Lifeworking is more like a rotating work-life seesaw, periodically rotating and tilting between different priorities. The most important thing of course is that you are the one steering the seesaw, and this is the theme I will address in my next post.

Avoid Meetings & Assholes

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In some of my previous blogposts I have discussed how lifeworking is built upon a blend of both home-based and workplace-based productivity – what I call ‘at home days’ and ‘away days’. I especially focused upon the fact that ‘at home days’ do not necessarily involve one working in isolation in either a physical or virtual sense, a point which I think the current debate on working from home almost completely misses. Before moving on to talking about workplace based productivity or ‘away days’ I would like to elaborate on a couple of other points related to my approach to ‘at home’ working.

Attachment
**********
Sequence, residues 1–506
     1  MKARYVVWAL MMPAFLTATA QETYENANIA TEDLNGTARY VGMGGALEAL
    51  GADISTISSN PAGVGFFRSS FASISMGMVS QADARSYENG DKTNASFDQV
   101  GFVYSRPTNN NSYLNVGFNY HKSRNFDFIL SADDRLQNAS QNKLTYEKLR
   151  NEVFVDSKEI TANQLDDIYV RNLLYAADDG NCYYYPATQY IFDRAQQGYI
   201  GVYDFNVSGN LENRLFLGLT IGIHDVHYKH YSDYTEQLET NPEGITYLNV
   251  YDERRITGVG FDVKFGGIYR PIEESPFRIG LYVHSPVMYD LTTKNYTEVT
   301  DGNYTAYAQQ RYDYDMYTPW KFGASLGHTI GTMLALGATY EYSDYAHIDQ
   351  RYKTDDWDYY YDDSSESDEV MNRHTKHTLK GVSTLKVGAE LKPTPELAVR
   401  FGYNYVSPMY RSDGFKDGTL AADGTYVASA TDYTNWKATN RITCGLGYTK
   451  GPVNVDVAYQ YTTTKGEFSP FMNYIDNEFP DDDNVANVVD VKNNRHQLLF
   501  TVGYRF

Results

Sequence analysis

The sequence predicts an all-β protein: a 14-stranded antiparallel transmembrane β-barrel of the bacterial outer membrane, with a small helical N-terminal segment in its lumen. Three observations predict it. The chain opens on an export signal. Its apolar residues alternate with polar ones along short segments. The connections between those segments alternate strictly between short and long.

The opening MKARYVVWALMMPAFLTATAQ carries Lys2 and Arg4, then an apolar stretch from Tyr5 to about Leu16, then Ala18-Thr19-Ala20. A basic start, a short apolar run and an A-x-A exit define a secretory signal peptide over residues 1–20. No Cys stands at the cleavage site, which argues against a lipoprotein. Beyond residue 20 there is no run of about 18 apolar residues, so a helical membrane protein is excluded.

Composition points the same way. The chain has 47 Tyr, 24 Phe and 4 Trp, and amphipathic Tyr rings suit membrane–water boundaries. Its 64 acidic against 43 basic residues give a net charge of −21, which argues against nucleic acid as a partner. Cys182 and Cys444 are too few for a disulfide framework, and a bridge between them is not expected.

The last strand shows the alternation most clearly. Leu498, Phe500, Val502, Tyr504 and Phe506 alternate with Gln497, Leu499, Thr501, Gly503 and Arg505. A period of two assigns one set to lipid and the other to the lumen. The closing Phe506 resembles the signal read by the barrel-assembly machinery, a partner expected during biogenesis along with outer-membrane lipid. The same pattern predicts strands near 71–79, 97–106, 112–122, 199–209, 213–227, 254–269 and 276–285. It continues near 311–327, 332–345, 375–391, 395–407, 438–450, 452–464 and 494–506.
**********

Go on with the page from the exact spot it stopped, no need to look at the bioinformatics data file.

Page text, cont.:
My belief is that a lack of genuine socialization is why companies like Yahoo! have failed to see the full productivity benefits of at-home working. It is not enough simply to allow people to work at home in isolation – we must ensure that people have a genuine feeling of connection with the people they are working with, especially if they are not meeting physically.

I take first-time meetings very seriously, usually trying to spend an hour or more with my new client or colleague to build a genuine insight into their personality and interests. And in that hour business is a small part of the conversation – much more importantly I try to get an insight into the person I am meeting. Where did he or she grow-up? What have been the most significant life events? What are his or her passions? How about family? What I am seeking are points of connection – those shared experiences and interests we have had that can provide a basis for our future relationship. I listen more than I speak, and I try show to the other that I am enjoying the moment.